As finance ministers sat together at the Ecofin meeting last week, the future of the Eurozone was at stake, with Greek political deadlock casting a shadow of darkness over its own euro existence.
Greek President Karolos Papoulias was going to ask politicians last Tuesday to stand aside and let a technocratic government be formed to avoid bankruptcy of the heavily indebted Balkan country even though radical leftists from Syriza party have already rejected the proposal out of hand.
No wonder Syriza feels so strongly about rejecting anything that could form a technocratic government, when opinion polls show that they could possibly win next elections in June.
The opportunity for the niche party to become a major player by making its way to the hall of fame on the back of the Greek debt disaster is luring. Especially with the notion that the Greek voters already said “No” to the austerity imposed by International Monetary Fund and European Union funding the Greek bailouts in round one in 2010 and round two emergency bailout in March of this year.
Officials in Brussels are still voicing support as Eurogroup Chairman and Prime Minister of Luxembourg Jean Claude Juncker and German Chancellor Angela Merkel both consider Greece’s leeway from the Eurozone to be “nonsense” and “propaganda”.
“The government would have to stand by the program,” Juncker said after chairing a meeting of Eurozone finance ministers in Brussels late Monday. “If there are dramatic changes in circumstances, we wouldn’t close ourselves off to a debate over extending the deadlines”, he added.
Adding to the pressure on Greece, the government in Athens must decide today on a €436 million repayment to the bondholders who accepted the Greek debt restructuring plan back in March. If they fail to do so, Greece will default. This time it won’t be a technical default that Fitch ratings declared after the Greek debt restructuring, but a real one.
Put the emphasis on it and use capital letters to say DEFAULT.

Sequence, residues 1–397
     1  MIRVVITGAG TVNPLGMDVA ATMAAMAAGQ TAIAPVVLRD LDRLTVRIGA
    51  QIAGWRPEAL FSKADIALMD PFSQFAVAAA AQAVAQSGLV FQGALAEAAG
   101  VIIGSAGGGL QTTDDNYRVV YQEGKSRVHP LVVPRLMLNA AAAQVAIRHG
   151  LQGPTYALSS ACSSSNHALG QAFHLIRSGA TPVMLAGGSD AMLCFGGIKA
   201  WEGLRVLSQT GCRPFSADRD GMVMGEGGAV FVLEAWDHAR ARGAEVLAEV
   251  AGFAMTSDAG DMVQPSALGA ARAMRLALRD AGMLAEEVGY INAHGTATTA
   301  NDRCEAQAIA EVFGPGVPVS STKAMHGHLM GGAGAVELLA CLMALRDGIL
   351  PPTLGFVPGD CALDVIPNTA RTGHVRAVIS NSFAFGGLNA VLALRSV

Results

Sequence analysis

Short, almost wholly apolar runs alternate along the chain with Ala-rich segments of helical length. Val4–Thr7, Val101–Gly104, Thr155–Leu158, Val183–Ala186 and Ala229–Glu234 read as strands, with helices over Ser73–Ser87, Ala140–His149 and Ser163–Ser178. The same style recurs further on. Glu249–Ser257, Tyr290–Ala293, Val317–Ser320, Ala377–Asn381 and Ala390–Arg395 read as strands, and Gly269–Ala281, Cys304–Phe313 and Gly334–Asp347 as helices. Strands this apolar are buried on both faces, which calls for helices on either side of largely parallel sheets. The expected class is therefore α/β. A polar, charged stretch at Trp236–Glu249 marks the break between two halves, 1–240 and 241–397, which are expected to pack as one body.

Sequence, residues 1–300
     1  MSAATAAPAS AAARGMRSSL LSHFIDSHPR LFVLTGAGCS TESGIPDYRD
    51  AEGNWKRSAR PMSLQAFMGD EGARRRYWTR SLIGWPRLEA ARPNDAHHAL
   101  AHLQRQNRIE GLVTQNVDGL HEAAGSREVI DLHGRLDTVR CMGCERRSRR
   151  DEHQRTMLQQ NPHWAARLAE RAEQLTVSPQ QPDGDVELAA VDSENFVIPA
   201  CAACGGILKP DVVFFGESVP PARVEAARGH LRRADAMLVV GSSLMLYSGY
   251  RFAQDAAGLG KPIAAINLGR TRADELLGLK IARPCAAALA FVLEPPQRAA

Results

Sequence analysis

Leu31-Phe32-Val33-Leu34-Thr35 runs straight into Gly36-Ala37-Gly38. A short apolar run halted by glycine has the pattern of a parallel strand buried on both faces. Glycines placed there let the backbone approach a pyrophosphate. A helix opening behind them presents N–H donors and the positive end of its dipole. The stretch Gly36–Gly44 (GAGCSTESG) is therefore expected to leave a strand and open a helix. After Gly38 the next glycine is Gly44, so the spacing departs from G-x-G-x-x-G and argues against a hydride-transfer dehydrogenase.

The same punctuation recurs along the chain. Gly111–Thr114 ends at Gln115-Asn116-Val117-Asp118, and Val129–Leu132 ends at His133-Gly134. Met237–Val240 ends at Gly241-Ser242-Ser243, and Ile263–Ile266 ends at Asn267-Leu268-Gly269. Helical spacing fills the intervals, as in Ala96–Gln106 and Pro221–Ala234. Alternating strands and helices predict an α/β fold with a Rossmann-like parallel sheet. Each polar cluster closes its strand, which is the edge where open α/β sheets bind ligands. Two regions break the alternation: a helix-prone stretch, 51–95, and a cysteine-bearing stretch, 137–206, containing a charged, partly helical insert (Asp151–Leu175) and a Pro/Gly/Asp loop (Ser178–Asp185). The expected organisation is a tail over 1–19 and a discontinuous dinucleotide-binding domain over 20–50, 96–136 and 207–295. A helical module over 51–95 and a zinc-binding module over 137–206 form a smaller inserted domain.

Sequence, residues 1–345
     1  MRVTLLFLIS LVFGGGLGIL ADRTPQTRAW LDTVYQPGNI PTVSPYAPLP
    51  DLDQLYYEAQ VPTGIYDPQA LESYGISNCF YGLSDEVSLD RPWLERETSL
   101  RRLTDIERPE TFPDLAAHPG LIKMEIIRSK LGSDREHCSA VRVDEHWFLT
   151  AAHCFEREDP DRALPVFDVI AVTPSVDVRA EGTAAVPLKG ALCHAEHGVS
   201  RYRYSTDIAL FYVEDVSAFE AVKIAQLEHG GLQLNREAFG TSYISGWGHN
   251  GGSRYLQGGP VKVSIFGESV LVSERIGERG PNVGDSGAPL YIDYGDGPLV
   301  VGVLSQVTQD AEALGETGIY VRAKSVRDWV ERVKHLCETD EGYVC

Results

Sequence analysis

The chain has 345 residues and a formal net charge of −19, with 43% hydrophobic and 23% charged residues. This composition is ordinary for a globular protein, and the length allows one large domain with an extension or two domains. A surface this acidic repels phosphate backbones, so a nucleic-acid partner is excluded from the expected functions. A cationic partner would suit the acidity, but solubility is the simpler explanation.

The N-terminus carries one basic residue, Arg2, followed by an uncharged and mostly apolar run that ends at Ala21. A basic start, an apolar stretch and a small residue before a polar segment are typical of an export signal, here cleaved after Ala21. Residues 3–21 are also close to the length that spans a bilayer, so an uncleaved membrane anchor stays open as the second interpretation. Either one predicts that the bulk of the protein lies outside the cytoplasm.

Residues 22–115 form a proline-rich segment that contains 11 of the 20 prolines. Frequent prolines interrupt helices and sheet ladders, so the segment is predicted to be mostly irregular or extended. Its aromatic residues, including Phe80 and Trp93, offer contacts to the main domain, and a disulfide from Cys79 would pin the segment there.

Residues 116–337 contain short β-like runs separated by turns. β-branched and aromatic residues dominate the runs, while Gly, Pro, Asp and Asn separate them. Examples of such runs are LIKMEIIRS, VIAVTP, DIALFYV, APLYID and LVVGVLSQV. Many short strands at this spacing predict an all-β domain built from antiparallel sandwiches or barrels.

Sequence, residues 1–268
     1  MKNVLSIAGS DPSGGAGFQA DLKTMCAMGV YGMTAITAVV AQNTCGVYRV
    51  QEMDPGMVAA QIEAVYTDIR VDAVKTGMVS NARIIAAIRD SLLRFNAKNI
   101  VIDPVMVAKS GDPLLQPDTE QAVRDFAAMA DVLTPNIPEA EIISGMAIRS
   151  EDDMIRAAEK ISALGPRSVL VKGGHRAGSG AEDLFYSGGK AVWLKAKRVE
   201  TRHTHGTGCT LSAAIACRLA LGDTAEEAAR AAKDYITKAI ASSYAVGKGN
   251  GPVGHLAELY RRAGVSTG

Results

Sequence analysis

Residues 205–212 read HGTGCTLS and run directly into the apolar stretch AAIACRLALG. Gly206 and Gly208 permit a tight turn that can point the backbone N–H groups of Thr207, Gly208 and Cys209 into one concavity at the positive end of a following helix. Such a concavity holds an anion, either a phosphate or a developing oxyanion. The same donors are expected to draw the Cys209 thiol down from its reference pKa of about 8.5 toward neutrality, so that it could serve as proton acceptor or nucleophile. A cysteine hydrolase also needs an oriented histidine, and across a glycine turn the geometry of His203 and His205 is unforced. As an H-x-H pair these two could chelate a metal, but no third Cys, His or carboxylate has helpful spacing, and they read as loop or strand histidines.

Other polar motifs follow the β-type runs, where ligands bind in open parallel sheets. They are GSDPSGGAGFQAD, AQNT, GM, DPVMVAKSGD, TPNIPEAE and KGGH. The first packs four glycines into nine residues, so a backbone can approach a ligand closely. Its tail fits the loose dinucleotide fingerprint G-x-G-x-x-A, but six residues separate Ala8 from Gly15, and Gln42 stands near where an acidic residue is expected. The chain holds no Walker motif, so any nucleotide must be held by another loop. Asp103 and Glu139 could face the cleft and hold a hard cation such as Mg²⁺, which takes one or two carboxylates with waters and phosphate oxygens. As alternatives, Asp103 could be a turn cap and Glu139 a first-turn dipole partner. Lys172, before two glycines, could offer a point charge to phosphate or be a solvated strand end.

The situation in Greece is a real stalemate, a true impasse. Markets may not have much passion for such an uncertainty and soon start to really believe that the Greek default and subsequent Eurozone expulsion, as a result of breaking previous restructuring promises, will cause great harm to the credibility of the European Monetary Union.
Dutch Finance Minister Jan Kees de Jager previously said his government has already studied the option of a Greek departure from the Eurozone although official European policy still is to keep the country within the bloc.
Yet, leaving the Eurozone currently is not a legal option, leaving the European Union has to come along with that.
Unless the German economic engine stops running, the big wheels of patience of political partners and the principle of solidarity of the international community with Greece will still be the norm. Luckily for Europe and especially for Greece, the German powerhouse works very well for the time being, with the gross domestic product (GDP) first-quarter estimate exceeding expectations multifold, growing 0.5% from the previous period, or 1.2% on a year. French GDP in comparison remains flat, and Italian GDP is seen falling by 0.8%.
If the political impasse in Greece continues with political parties involved not willing to find agreement, or finance ministers of the Eurozone lose patience for whatever reason, guess what will follow? Drama and Chaos – two words that Greece gave the world centuries ago.